With so much blurring between different job types and categories, enforcement of labor laws has become more difficult. Various investigations have found widespread abuse, with businesses treating many types of workers as self-employed in order to avoid paying social security contributions. This loophole is called ‘bogus self-employment’, and it allows these employers to wiggle out of legal obligations and robs many workers of their rights.
So while about 10% of German workers are classified as ‘self-employed’, the impact on the economy extends well beyond that. Further complicating matters, the digital economy makes it much easier to locate and temporarily hire self-employed freelancers instead of permanent workers. That further reduces economic stability, yet many German leaders I have spoken to downplay this threat. They say that click- and platform workers do not make up enough of the overall German labor force to worry about it.
How many digital platform workers are there?
Complicating the numbers game, these digital freelancers are difficult to track. The ‘nano-ization’ of their work, with short daily and weekly working hours, much of it part-time, is hard to capture statistically. So official numbers may be undercounting. A study by McKinsey Global Institute found that the percentage of Germans working ‘independent’ of the traditional employer-employee relationship is nearly twice that of the government estimate. For example, the number of German clickworkers seeking gigs on the US-based platform Upwork grew by over 300% to over 59,000 in only the nine months before July 2017. Over 22,400 of those had earned income during July.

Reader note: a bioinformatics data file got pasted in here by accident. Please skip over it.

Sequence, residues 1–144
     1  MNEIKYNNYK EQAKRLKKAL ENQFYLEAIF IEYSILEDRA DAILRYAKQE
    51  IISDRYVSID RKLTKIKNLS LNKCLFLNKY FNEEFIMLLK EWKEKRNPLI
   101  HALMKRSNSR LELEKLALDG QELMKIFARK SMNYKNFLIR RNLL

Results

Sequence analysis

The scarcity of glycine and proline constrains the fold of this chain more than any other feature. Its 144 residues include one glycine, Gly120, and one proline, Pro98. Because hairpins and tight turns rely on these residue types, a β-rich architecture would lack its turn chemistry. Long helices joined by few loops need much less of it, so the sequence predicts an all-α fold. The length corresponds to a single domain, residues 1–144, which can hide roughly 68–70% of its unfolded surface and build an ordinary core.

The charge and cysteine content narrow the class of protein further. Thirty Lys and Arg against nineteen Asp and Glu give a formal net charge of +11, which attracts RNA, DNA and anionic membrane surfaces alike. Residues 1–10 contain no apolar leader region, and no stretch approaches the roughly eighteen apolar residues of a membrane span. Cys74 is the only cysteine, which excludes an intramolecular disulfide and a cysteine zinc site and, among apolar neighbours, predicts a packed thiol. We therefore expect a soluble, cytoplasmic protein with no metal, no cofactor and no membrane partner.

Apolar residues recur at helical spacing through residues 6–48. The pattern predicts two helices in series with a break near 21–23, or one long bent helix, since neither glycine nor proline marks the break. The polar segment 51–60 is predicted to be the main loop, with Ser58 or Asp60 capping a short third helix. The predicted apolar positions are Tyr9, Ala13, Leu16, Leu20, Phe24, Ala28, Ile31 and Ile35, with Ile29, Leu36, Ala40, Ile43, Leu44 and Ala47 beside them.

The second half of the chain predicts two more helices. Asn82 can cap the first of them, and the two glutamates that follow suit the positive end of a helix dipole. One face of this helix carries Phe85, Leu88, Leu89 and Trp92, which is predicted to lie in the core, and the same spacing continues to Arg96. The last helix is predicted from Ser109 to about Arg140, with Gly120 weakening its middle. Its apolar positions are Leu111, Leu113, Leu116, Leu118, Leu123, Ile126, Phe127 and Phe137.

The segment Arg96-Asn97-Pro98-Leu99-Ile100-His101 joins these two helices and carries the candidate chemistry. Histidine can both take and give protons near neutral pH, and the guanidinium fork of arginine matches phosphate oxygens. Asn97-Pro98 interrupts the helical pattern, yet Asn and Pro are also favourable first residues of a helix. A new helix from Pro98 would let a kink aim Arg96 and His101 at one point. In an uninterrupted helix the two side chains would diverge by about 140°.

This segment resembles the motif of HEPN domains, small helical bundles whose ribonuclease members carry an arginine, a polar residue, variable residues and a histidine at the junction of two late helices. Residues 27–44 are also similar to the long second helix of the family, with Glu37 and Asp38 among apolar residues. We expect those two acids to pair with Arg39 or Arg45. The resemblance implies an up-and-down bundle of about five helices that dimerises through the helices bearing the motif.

That’s just one online labor platform – there are dozens of them. Various studies have found that anywhere from 1-2m Germans (2.3-4.6% of all workers) are earning income on them. Preliminary results from a recent survey commissioned by the Federal Ministry of Labour found 3.1% of workers earned income on these platforms over the previous year. Still another survey found that 22% of German respondents tried to find work via online platforms during the past year, with 4% managing to find work at least once a week. Other studies have come up with different estimates, unleashing a confusing numbers game that makes policy design a challenge.
Tax evasion of digital platforms – undermining the welfare state?
Even more alarming, when these workers are hired by companies or individual clients located in other parts of the world, those clients often do not report to the German authorities how much income was paid to each worker. And the individual worker also most probably is not reporting a lot of this ‘under the radar’ income. In a report written for the European Commission, Professor Gerhard Bäcker from the Universität Duisburg-Essen asked: How can the incomes of clickworkers be recorded?
That’s a tough question to answer. One German company, called Clickworker, claims to have 900,000 digital workers all over the world. How many of them are Germans, and how many of those pay taxes on their income? How many of the non-Germans pay taxes to their own governments? Nobody really knows.